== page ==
Figarova and Platteau moved to the United States in 2010. Their bands now include both strong Europeans and prominent Americans. The sound at the leading edge of every Figarova ensemble is Platteau’s acute, bright flute. With time, Figarova’s compositions have become more layered and complex. Joy is a move in a different direction, toward simplicity. It has a single purpose: to create an island of light in the world’s current darkness. The 10 songs are connected by the purity of their lyricism and the sincerity of their aspiration. “Suddenly Stars Are Falling from the Sky” and “Muse” are crystalline melodies, objective correlatives for gladness. “Only Peace Liberates” and “Morning Dew” are also pristine and rapt.
But while Joy is a work in which Figarova bares her heart, it never sounds fragile or sentimental. Platteau, Wayne Escoffery, Alex Pope Norris, and Figarova herself are clearly inspired by these new songs. Even when they play quietly, they burn with fervor. Anyone new to Figarova should start with September Suite, because it is one of the great jazz responses to the events of 9/11. Joy should follow soon. It is exactly what Figarova intended: a life-affirming antidote to the toxins of our troubled times.Thomas Conrad
Ivo Perelman/Matthew Shipp: Fruition
Perelman, tenor saxophone; Shipp, piano
ESP-Disk ESP5070 (auditioned in WAV, available as CD). 2022. Steve Holtje, prod.; Jim Clouse, eng.
The far left-of-center players of jazz are often extraordinarily prolific. Ivo Perelman and Matthew Shipp have just released their 18th album as a duo. Perelman’s discography is 100 titles long. Shipp’s oeuvre, as both leader and sideman, is also vast.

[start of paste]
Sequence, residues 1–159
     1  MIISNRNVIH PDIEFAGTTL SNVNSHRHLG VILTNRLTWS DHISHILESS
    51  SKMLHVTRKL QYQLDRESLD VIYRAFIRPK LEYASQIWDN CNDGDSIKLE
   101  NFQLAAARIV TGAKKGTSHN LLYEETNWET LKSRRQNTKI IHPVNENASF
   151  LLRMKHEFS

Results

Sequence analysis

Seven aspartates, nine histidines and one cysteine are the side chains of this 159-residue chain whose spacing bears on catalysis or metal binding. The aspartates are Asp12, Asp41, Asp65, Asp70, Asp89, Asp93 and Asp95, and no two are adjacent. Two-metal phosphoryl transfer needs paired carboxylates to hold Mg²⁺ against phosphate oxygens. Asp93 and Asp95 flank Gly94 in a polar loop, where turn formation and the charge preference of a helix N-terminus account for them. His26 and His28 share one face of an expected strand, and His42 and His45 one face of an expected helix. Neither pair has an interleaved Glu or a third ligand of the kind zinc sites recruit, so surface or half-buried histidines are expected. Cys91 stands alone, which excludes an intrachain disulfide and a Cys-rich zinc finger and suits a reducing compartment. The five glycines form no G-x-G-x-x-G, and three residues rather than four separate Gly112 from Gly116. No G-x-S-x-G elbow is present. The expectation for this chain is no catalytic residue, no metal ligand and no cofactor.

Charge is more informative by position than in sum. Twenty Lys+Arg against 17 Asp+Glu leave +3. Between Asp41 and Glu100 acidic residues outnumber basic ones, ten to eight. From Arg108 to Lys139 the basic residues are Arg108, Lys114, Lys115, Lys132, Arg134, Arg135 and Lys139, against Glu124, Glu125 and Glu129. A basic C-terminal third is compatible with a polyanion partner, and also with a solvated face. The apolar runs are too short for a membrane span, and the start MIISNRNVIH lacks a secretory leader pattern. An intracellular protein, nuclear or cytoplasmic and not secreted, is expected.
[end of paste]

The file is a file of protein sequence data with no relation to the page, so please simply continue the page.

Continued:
Perhaps the avant-garde crowd is so productive because their art is one of extravagant outpouring, not economy and focus. If they were painters, they would be more like Jackson Pollock than Andrew Wyeth.
In certain other respects, Perelman and Shipp are atypical free jazz players, on this album at least. They are relatively approachable. They do not raise hell and chaos. Perelman’s tenor saxophone sound is rarely a rasp or a scream. Their tunes are not 45-minute onslaughts but specific, four- to seven-minute investigations.
What makes Fruition coherent is how the two musicians listen to each other. Their collaborative creative process is stimulus/response. One player postulates a snatch of melody, a harmonic cluster, a suggestion of a groove, or even just a splash of color. The other echoes or amplifies the idea. As exchanges proceed, the idea expands and evolves. Sometimes Shipp even fills in lush chords all around Perelman, not afraid of overt, if arcane, lyricism.
Fruition has the best of both worlds: the in-the-moment electricity of entirely improvised music and the fulfillment of structure coalescing out of apparent randomness. It also has qualities not often associated with avant-garde jazz, like nuance, space, and dynamic contrast.
If the descriptions above make you think that Fruition is not a deeply challenging listening experience, think again. Its creativity is in a constant state of flux. It would make terrible background music. If you don’t pay close attention, some of the best ideas of Perelman and Shipp will blow right by you.Thomas Conrad
Click Here: france national rugby union team jersey